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Johnson retains UFC title; McGregor scores KO win

Ultimate Fighting Championship flyweight champ Demetrious Johnson dominated Chris Cariaso in the main event of UFC 178 on Saturday night to provide an expected conclusion to an otherwise dramatic night at the MGM Grand.

The event very well might be remembered more as the moment when featherweight Conor McGregor crossed over from hyped prospect to legitimate star and earned a title shot.

It was Johnson that entered the night with gold already around his waist and walked out the same way while barely breaking a sweat.

Johnson, more than a minus-1500 favorite at fight time, looked every bit of it. He controlled the first five minutes before nearly finishing Cariaso with a flurry just before the bell. Johnson quickly got the fight to the ground early in the second round and locked in a kimura that forced Cariaso to tap out.

“I always try to go out there and put on a perfect fight, and that’s a challenge in and of itself,” Johnson said. “A lot of people out there didn’t give Chris Cariaso credit, but I trained like he was the best fighter in the world.”

It was the fifth straight successful title defense and seventh straight win overall for Johnson, the first and only 125-pound champion in UFC history.

McGregor will tell anyone who will listen that he is going to experience the same type of success in the organization. Saturday may have been the first true indication that the possibility is more than just empty talk.

McGregor stole the show, not so much with a spectacular victory over Dustin Poirier by first-round technical knockout, but by delivering on the hype and fulfilling the lofty expectations he created with all of his boasting in his first fight against a legitimate contender.

In fact, the finish was almost anticlimatic.

McGregor appeared to miss Poirier with a left hand only to have his elbow clip Poirier just behind the ear. Poirier fell forward and took another shot near the back of the head. Poirier rolled over and took another shot before referee Herb Dean stopped the fight.

The blows were all determined to be legal.

The fight was a brief respite from McGregor’s publicity tour. As soon as it was over, he was right back to talking.

“I’m cocky in prediction but humble in defeat,” McGregor said. “I said this wasn’t going to be a challenge, and I felt this was handed to me. I said I was going to show the difference between a king and a contender, and I proved that tonight because Dustin had never been knocked out and I did that in the first round.

McGregor is 4-0 in the UFC and insists he is ready to challenge for the featherweight title. Jose Aldo will defend the belt against Chad Mendes on Oct. 25 in Rio de Janeiro.

McGregor wants the winner.

“I’ll go to Brazil. If they need me to step in, I’m ready,” he said. “We’ll see what happens, but who else can they give me? It’s my belt, and I’m ready to steal it and take it back to my country.”

In other fights, lightweight Donald Cerrone spoiled the UFC debut of former Bellator champion Eddie Alvarez with a unanimous decision.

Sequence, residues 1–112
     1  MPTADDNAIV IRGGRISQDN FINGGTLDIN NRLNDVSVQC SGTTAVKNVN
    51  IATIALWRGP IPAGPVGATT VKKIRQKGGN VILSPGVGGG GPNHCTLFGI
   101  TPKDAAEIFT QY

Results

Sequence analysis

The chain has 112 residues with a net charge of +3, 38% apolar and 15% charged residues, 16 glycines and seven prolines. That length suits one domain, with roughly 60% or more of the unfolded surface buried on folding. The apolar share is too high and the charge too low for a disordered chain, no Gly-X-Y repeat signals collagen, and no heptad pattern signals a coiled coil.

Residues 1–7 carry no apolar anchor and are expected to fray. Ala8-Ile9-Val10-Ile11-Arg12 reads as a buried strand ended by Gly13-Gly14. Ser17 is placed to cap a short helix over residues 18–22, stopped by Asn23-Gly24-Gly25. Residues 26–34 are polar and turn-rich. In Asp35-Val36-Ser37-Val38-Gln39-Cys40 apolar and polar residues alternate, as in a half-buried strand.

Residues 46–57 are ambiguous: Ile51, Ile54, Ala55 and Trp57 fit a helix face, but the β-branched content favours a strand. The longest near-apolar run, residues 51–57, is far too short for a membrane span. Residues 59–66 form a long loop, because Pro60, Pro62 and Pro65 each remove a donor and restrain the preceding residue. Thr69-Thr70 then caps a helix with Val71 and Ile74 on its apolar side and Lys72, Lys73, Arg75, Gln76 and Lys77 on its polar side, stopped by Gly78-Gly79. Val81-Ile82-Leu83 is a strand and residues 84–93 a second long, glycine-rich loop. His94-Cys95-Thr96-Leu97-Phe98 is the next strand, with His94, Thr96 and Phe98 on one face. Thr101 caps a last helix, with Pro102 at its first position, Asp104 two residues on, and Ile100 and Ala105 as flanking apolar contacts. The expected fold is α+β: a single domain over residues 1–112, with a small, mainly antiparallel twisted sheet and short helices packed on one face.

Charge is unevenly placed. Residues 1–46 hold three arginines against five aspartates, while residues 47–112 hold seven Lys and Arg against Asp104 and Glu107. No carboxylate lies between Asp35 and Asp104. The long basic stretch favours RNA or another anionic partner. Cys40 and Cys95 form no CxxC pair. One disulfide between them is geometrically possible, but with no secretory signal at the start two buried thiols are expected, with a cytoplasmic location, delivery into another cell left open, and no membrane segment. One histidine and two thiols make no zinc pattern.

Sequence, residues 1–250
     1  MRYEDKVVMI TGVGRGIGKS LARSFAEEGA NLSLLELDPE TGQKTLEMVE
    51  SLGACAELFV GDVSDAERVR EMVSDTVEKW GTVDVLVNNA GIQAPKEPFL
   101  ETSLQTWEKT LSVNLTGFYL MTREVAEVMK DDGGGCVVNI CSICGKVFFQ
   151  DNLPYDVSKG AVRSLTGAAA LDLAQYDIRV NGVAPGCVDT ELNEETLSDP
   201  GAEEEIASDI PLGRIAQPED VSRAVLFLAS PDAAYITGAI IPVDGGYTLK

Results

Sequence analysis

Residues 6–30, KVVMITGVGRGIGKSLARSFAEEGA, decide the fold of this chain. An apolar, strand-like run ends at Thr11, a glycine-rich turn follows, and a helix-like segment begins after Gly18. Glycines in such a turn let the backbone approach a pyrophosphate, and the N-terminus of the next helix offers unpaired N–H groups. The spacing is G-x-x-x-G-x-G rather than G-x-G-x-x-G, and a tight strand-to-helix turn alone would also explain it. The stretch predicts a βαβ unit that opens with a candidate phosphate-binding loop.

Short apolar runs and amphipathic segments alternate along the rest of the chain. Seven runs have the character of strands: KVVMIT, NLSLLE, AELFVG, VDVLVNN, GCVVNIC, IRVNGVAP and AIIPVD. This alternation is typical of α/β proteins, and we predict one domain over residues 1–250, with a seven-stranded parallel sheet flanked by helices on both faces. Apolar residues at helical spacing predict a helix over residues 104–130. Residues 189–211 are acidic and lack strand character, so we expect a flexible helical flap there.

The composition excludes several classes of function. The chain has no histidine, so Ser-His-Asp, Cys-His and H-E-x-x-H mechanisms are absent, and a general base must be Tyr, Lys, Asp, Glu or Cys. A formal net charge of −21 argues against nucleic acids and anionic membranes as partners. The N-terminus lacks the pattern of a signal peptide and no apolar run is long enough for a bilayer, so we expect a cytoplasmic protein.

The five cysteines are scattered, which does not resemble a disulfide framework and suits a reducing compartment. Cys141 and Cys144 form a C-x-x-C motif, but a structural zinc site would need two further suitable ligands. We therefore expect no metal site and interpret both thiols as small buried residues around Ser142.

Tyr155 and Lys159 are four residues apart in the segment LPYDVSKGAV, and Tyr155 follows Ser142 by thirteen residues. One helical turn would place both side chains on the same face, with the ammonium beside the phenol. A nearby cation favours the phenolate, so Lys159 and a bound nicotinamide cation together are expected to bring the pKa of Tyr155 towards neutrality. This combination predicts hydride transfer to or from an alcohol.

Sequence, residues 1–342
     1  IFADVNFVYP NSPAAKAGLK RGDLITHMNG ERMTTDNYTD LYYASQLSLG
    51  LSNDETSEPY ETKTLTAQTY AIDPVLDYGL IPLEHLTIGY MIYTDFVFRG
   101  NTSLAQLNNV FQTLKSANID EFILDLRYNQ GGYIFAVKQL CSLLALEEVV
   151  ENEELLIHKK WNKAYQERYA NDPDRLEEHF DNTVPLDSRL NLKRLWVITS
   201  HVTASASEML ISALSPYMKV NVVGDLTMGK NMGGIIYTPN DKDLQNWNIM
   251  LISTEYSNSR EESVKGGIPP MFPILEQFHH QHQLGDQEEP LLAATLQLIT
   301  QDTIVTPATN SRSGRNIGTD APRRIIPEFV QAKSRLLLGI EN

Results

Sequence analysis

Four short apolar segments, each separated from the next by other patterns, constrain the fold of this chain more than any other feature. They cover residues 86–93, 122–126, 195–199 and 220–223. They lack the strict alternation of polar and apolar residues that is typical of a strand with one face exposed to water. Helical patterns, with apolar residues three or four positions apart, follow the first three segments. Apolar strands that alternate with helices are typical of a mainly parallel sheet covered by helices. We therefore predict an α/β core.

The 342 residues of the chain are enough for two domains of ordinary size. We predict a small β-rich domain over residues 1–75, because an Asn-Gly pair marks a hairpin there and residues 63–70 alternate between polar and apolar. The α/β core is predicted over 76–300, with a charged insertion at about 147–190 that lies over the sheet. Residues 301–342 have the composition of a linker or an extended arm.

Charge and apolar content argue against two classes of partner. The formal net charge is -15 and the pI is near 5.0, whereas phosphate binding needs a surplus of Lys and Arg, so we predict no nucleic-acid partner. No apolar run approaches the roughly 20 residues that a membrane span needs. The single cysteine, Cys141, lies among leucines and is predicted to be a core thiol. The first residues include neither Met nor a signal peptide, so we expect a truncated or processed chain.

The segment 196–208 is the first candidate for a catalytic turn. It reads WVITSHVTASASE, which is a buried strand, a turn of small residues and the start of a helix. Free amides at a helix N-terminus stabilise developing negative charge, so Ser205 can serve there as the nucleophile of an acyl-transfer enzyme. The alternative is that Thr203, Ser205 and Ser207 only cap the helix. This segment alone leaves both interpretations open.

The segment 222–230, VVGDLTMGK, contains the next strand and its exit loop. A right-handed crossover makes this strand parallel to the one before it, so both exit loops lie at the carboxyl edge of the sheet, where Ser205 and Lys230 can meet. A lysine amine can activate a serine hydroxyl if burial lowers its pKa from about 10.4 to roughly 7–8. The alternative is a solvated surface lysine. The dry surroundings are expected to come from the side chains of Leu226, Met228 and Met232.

Alvarez came out strong with a big first round that included landing a sustained series of punches in the clinch. Cerrone survived the onslaught before taking control of the fight in the final two rounds.

“I was thinking, ‘Not tonight, not tonight,’ ” Cerrone said of enduring the early troubles. “I always start slow, and I really don’t know why.”

Yoel Romero pounded on Tim Kennedy’s face with punches until the fight was justly stopped early in the third round, but the ending was not free from controversy. After Romero dominated most of the first two rounds, Kennedy connected with a flurry late in the second round and Romero was just about out when he was saved by the bell.

There was a bit of chaos between Nevada Athletic Commission officials and Romero’s corner between rounds, giving Romero extra time to recover.

Romero took advantage in the third round and quickly finished Kennedy. Romero denied anything nefarious took place.

Top women’s bantamweight contender Cat Zingano returned after more than 16 months out of action to remain undefeated with a third-round knockout of Amanda Nunes to open the main card.

Zingano, who missed time with a torn anterior cruciate ligament, followed by the suicide of her husband, was nearly finished by a barrage of shots in the first round.

“(Expletive) yeah,” she said when asked if she was hurt early in the fight.

Zingano probably will next fight champion Ronda Rousey, an opportunity she had earned before suffering the knee injury last summer.

Dominick Cruz was the unquestioned star of the undercard.

The former bantamweight champion returned from a three-year absence because of a series of injuries to dominate Takeya Mizugaki for 61 seconds before stopping him with a series of hard left hands on the ground.

Cruz has been involved in a longstanding rivalry with Urijah Faber, and Faber’s training partner at Team Alpha Male, T.J. Dillashaw, holds the bantamweight belt that Cruz was forced to relinquish because of inactivity.

He made it clear he intends to get it back in short order.

“Nothing has changed,” Cruz said. “I just look forward to beating up more Alpha Fails.”

Jorge Masvidal, Stephen Thompson and Brian Ebersole won decisions, as did Kevin Lee, who trains in Las Vegas.

Manny Gamburyan rallied to submit Cody Gibson in the second round of a bantamweight fight.

Contact reporter Adam Hill at ahill@reviewjournal.com or 702-224-5509. Follow him on Twitter: @adamhilllvrj.

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